Godly Government: Sphere Sovereignty
According to the Holy Bible, civil government is God's servant for there is no authority except that which God has established. The authorities that exist have been established by God (Romans 13:1-4). This means civil leaders occupy an office established by Divine appointment. Only those who discharge the duties of the call in agreement with God's will serve commendably.
It is often said the separation of church and state is an essential feature of our national identity. To most people this means the church is supposed to stay out of the business of civil government, while civil government has the right to restrict the activity of the church. In short, the "wall of separation" is considered a barrier between Christian theism and the public arena. Now I agree that each God ordained institution should remain within its sphere of responsibility but this does not mean any one institution is sovereign over the others. In the first place, all are subject to the authority of Almighty God and each is circumscribed by biblically defined parameters. Moreover, the individual, family, church and state exercise sphere sovereignty even while each is subject to the superintendence of the others. This is what the Constitution of the United States was designed to establish; a defined arena of activity for the federal government. All else was to be left to state and local governments, individuals, families and the church.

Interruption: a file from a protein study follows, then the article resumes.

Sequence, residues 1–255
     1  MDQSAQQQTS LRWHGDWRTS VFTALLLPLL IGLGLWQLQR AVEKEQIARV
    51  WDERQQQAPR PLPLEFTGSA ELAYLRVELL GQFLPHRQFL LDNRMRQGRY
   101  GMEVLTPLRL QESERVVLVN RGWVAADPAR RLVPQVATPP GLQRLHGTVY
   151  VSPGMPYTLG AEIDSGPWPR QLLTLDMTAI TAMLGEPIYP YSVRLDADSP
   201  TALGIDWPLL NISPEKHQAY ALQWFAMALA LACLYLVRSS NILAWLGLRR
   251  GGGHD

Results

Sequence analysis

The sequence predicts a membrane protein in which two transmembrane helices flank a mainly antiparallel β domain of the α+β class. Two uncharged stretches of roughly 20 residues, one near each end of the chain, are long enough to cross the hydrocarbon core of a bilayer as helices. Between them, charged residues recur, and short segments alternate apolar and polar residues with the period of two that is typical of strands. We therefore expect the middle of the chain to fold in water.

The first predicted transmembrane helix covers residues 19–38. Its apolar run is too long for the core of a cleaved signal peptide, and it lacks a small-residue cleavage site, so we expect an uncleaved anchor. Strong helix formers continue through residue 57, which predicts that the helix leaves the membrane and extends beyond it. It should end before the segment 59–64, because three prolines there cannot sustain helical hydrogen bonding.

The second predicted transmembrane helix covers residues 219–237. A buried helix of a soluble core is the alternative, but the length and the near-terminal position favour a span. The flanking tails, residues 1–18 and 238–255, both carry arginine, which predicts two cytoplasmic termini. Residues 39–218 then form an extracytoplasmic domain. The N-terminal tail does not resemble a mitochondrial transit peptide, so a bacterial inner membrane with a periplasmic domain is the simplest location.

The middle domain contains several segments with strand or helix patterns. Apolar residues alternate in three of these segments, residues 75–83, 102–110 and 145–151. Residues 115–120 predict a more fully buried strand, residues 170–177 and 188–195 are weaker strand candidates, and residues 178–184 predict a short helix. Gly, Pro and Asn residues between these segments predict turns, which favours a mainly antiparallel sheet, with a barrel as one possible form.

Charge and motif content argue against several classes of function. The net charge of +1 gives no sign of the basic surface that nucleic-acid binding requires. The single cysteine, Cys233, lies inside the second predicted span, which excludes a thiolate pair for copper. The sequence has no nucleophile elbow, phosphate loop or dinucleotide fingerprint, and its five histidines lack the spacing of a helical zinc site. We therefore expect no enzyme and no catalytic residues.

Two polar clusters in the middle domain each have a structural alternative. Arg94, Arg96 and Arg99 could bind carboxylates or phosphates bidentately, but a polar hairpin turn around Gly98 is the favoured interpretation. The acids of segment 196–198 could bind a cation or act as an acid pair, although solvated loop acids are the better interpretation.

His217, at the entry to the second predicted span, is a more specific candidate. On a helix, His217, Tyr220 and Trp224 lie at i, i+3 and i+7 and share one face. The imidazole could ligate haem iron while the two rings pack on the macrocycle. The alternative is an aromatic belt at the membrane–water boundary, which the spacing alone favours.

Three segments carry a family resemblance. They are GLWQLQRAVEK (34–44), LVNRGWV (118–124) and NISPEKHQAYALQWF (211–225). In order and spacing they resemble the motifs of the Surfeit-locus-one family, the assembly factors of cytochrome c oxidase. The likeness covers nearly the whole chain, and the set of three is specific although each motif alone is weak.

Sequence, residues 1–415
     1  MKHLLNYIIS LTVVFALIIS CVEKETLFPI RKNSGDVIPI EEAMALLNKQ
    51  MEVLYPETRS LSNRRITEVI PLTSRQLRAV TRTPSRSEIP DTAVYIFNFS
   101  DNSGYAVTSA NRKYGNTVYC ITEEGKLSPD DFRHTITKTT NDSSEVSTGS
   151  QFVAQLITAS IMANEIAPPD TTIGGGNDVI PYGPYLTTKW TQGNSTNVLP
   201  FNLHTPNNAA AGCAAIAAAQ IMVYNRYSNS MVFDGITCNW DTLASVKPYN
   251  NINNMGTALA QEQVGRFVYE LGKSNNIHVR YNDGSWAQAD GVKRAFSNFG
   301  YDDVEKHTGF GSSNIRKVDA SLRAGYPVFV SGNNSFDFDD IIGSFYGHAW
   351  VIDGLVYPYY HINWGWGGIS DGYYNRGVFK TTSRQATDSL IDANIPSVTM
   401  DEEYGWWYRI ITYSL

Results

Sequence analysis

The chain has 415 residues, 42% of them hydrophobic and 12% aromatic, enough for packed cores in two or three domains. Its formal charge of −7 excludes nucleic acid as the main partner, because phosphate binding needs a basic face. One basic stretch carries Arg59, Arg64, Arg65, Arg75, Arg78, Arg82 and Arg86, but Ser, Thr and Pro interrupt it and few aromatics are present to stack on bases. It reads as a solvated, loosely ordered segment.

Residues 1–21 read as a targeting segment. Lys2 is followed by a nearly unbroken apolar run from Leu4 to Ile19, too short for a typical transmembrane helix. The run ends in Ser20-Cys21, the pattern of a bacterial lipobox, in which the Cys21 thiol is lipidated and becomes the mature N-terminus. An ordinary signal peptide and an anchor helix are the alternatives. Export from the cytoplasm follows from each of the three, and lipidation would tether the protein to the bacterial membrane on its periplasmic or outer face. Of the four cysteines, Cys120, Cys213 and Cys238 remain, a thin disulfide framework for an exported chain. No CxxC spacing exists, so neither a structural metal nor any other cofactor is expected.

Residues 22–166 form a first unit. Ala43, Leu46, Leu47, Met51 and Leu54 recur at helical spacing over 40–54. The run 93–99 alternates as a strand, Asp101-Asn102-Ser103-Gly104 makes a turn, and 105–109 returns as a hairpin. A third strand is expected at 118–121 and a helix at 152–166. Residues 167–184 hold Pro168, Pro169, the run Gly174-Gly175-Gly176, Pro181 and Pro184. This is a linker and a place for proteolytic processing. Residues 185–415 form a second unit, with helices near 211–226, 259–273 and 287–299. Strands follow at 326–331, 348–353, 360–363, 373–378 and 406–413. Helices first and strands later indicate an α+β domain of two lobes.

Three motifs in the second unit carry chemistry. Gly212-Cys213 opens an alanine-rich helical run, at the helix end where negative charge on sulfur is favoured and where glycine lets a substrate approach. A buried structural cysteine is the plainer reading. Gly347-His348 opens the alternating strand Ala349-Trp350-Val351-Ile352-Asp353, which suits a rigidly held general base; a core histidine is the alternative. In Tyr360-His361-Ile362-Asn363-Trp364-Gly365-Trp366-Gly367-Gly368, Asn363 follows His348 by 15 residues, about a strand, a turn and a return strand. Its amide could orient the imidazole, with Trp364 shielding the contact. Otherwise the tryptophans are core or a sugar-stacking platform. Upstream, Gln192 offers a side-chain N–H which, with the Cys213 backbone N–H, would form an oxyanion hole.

When one of the primary institutions oversteps it bounds, the others have a responsibility to rein in the offender. Failure to do so upsets the equilibrium of society. The result is anarchy (individual), tribal conflict (familial), ecclesiastical dominance or state tyranny.
In the United States, we suffer under the soft tyranny of an unrestricted state. The weakened condition of the other primary institutions has allowed the state to grow out of control. Civil government (at all levels) ignores petitions to limit itself and disregards common sense in its insatiable appetite for power. Yet the answer to our dilemma is spiritual, not political. "We the people" must repent of our sins and embrace the sacrifice of Jesus Christ on our behalf. We must cultivate the gift of salvation and bow the knee to Christ in all things (Philippians 2:12-13). If not, we lack the wherewithal to rebuild the broken walls of the individual, family and church domains. Alone, we are unable to effect lasting change in society.
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